R2500 feeding and screening system helps tackle problematic conglomerate deposit
CREAGH Concrete, a long-term CDE customer from Northern Ireland, have added a CDE R2500 feeding and screening system and an additional AggMax log-washer to their existing installation at Draperstown, to help tackle a difficult conglomerate material even more efficiently and rapidly than before.
A percentage of Creagh’s products are generated from this challenging raw feed, which comprises conglomerated aggregates, sands and silts in equal proportions, and underlies the company’s main sand and gravel deposit.
Previously, difficulties in processing the conglomerate had been partially overcome through the installation of a CDE AggMax modular log-washer, which was able to recover approximately 70% of the material, including top-quality natural sand.
However, after three years of successful production, Creagh Concrete decided to further increase their capacity by tackling additional issues.
Willie Doherty, the director responsible, explained: ‘Whilst we were very happy with the previous outcome, there remained some issues that we felt we wanted to address to further improve our production facility.
‘Some extensive areas of the pit contain what is effectively a compacted conglomerate which has to be ripped from the face using an excavator. The original feed hopper was specifically designed by CDE to handle sticky material when wet. This was fed by loading shovel from material that had been pre-screened and crushed in the pit.
‘It proved necessary to crush the conglomerate to reduce it to a size suitable for processing, thereby preventing any large oversize from blocking the hopper. Originally this was done at the face, but the process required the use of a mobile crusher followed by a mobile screener. We also wanted to avoid double handling and use dumpers to feed the plant and increase efficiency.’
The solution came with the introduction of a CDE R2500 feeding and screening system, which made the use of 40-tonne dumptrucks possible and eliminated the need to use shovels for transport from the pit.
The R2500’s apron feeder can handle even the most difficult of feed materials, and the heavy-duty P2-75 Infinity screen that forms part of the R2500 removed the need for a mobile screener at the face.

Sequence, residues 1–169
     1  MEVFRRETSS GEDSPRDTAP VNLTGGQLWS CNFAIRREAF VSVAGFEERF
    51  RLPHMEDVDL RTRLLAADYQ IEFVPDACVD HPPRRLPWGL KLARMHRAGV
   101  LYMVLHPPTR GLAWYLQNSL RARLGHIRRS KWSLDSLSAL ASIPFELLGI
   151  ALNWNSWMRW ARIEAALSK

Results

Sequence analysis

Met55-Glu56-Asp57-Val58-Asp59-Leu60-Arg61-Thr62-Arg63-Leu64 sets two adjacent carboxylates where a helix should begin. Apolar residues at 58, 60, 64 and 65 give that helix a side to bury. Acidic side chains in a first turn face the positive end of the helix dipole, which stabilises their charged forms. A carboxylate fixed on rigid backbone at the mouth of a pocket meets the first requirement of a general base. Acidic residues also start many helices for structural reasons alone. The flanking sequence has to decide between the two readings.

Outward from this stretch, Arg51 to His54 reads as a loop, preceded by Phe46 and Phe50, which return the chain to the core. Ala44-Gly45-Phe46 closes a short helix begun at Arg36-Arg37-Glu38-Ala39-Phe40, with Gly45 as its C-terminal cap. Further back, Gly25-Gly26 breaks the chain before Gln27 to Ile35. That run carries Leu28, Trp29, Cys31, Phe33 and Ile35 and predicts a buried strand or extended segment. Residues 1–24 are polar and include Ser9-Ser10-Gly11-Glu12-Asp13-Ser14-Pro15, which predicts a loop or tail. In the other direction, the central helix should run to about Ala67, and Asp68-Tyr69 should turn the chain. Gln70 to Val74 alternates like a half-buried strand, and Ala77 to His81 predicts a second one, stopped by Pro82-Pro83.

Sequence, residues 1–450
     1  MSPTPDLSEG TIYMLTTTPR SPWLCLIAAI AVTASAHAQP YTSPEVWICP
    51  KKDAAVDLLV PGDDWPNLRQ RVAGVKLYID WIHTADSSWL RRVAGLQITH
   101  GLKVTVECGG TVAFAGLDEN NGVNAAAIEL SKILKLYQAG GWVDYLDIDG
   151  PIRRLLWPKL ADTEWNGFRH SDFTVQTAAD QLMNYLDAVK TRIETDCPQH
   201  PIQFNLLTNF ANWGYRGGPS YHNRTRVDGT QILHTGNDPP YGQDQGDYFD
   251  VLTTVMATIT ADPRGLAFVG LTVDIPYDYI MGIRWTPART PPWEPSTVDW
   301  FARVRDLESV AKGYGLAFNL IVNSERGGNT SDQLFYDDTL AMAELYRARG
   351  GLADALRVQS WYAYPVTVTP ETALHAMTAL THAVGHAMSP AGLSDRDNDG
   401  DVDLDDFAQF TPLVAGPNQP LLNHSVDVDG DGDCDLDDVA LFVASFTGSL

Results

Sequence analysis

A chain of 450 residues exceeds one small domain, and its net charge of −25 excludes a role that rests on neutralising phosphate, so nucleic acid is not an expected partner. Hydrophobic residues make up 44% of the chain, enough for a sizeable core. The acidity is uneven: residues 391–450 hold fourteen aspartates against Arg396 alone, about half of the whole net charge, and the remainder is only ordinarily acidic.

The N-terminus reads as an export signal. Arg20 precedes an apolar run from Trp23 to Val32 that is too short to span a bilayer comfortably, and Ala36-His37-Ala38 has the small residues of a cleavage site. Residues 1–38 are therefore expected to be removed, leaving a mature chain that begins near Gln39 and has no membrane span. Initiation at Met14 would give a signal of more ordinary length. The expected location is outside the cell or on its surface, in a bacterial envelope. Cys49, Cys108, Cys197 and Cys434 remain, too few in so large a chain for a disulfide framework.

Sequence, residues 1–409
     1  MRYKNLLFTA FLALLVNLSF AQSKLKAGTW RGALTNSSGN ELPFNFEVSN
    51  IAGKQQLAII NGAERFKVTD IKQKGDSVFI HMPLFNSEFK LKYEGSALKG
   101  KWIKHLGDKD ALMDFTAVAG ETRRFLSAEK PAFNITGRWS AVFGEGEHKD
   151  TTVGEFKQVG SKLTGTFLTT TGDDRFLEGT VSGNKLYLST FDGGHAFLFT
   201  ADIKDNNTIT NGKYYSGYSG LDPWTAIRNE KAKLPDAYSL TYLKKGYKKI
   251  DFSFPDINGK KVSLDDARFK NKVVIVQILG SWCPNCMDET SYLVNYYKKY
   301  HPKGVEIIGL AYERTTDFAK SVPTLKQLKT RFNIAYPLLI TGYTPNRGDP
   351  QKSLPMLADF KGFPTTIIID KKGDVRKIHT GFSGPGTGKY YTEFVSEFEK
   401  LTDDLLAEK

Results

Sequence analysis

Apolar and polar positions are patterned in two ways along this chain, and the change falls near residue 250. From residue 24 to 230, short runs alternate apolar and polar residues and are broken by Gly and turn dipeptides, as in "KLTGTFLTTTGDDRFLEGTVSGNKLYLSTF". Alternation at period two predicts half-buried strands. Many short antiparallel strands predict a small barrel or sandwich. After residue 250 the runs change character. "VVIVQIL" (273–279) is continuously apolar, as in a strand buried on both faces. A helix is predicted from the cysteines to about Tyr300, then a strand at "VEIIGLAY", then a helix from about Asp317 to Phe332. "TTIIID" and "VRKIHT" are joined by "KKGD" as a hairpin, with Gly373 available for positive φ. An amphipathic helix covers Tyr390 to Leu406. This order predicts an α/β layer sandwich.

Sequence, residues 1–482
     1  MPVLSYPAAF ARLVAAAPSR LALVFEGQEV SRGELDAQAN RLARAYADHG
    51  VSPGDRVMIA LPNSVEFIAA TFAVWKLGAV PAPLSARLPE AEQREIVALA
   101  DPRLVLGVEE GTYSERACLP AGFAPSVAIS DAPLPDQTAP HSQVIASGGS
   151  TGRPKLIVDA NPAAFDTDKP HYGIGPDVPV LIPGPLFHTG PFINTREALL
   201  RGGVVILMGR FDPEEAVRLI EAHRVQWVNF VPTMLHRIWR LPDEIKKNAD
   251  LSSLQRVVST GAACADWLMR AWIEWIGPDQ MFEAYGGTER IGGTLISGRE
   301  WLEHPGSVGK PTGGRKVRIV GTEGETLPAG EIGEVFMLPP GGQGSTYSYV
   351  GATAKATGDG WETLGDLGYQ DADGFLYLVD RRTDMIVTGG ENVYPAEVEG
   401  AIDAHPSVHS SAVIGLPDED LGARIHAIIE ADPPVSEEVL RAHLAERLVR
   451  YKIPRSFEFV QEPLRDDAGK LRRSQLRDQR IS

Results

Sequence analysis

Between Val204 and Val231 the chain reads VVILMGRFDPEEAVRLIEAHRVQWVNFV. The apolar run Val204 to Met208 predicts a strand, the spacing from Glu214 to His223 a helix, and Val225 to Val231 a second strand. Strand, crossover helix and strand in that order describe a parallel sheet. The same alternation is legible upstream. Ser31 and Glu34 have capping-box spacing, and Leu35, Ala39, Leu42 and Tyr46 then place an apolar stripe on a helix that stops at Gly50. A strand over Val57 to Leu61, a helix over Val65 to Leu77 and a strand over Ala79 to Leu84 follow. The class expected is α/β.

Additionally, after consulting with CDE, it was agreed that the plant layout should be redesigned so that Creagh’s existing jaw crusher could be incorporated into the feed arrangement, to remove the need for a mobile jaw crusher at the face. Crucially, double handling has now been taken out of the equation.
Moreover, a second AggMax 251 was incorporated into the washing circuit and is now used to break up the conglomerate and release the sand, which is then removed before the aggregates are sent to the original log-washer for even more efficient scrubbing.
With the new upgrade in place, Creagh currently process up to 150 tonnes of raw feed per hour. A variable-speed drive unit has been fitted to the first AggMax log-washer to accommodate any variations in the feed rate.
Commenting on Creagh’s decision to tackle all available feed material more efficiently, Des Crawford (left of photo), Northern Ireland area sales manager for CDE, said: ‘With planning permission for new deposits of sand and gravel being so difficult to attain, it is extremely important to gain maximum production from existing resources.’
According to quarry manager Colm Scullion, the latest innovations should extend the life of the quarry by at least 10 years, while CDE say Creagh’s installation represents a landmark in terms of engineering innovation and design solutions, allowing the company to tackle the most challenging materials and produce high-quality products with minimum waste.